Friday, September 23, 2011

Dual Enrollment Makes College More Accessible

Dual enrollment opportunities are making higher education more accessible for many high school students who might otherwise feel that going to college is outside the realm of possibility. Recently, Community College Times featured an Oregon school district that is creating new higher ed opportunities for high school students. For several years, the public schools in Portland have had a partnership with Portland Community College-Cascade Campus known as Middle College. High school students in the district have been able to enroll in Middle College courses through an opt-in program and earn up to 45 college credits by the time they graduate high school.

This year, access to Middle College expanded further, and instead of being an opt-in program, all incoming freshmen at one high school will be enrolled in what is now being called Jefferson High School-Middle College for Advanced Studies. The University of Oregon is also offering scholarships to Middle College students who complete at least one year of college credit.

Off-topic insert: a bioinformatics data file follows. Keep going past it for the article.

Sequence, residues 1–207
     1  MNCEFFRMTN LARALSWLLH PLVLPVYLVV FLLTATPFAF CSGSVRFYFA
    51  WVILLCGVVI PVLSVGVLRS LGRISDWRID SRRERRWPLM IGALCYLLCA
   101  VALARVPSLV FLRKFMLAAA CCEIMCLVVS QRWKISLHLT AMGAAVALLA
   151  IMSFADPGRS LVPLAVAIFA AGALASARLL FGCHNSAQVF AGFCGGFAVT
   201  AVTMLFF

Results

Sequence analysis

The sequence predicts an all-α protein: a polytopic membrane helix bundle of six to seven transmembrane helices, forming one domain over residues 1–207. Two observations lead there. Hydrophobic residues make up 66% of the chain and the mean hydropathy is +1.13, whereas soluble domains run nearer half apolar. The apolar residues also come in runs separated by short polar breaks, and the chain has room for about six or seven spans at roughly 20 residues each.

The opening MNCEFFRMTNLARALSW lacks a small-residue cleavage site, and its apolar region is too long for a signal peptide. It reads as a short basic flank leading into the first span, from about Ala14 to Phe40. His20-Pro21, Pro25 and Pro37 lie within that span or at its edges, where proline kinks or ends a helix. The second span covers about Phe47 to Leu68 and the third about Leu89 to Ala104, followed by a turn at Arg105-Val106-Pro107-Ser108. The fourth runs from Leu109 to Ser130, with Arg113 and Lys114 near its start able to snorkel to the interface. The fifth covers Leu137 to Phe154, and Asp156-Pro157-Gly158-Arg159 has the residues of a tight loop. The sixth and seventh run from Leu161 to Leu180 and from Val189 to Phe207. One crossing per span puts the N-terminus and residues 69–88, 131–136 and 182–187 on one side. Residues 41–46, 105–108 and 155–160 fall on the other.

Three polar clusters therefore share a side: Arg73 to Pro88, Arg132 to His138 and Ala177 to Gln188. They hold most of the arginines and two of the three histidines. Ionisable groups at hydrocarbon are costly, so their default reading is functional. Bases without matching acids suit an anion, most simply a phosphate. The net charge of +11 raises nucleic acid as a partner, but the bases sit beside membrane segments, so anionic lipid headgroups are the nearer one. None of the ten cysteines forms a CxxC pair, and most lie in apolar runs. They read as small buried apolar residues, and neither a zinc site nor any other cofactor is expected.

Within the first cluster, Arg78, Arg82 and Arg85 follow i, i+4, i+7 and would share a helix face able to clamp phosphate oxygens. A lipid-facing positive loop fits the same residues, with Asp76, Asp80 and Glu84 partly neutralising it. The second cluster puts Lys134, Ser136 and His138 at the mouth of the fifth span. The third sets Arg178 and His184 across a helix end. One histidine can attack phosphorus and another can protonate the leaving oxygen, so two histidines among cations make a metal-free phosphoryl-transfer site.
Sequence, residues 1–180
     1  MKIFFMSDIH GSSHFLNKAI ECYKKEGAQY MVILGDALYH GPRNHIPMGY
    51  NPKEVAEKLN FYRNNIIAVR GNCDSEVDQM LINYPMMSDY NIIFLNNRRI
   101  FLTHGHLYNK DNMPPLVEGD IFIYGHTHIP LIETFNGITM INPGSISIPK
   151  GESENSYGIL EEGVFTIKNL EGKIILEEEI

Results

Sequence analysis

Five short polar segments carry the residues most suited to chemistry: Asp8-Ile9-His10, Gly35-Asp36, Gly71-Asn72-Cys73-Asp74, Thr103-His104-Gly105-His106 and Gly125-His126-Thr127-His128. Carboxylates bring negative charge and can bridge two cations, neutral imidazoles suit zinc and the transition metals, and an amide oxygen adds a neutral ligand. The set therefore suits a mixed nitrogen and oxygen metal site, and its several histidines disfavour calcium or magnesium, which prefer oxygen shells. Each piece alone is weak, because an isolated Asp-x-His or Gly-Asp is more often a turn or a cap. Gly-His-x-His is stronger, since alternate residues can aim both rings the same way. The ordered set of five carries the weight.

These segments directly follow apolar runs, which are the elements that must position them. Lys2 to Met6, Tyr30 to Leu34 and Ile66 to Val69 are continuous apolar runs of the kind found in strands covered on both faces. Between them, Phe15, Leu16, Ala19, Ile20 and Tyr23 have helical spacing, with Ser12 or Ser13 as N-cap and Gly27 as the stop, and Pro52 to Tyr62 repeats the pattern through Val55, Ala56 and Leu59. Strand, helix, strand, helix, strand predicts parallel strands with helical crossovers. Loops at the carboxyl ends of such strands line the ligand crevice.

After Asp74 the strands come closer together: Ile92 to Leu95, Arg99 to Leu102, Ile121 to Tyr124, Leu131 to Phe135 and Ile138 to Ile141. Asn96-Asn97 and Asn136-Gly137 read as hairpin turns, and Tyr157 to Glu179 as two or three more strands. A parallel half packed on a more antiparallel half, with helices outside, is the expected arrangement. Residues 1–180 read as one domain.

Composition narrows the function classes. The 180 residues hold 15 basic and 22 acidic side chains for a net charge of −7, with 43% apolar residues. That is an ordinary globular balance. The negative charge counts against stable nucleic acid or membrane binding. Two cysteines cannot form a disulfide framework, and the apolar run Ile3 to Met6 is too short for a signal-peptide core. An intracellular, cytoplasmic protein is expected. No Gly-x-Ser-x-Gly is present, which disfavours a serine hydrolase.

Middle College in Portland has made a higher degree more attainable to many students who might otherwise not have considered college at all.

Many high schools who use TestOut’s LabSim training in their IT program have also made college more accessible to students who weren’t planning on it. Dennis DeBroeck, for example—an IT teacher at Walla Walla High School, in Walla Walla, Washington—helps his students earn up to 60 college credits at Walla Walla Community College for their work in LabSim and in his classes. Requirements for the credits include earning an A or B in the class, completing a list of competencies, completing a portfolio of the work they’ve done, and putting together a resume and cover letter. In an area where more than 70% of students never complete college, the opportunity to gain college credit while in high school is a huge help to students.

High school instructors, do the students in your IT program earn college credit in your classes? How has LabSim training helped students continue their education after high school?

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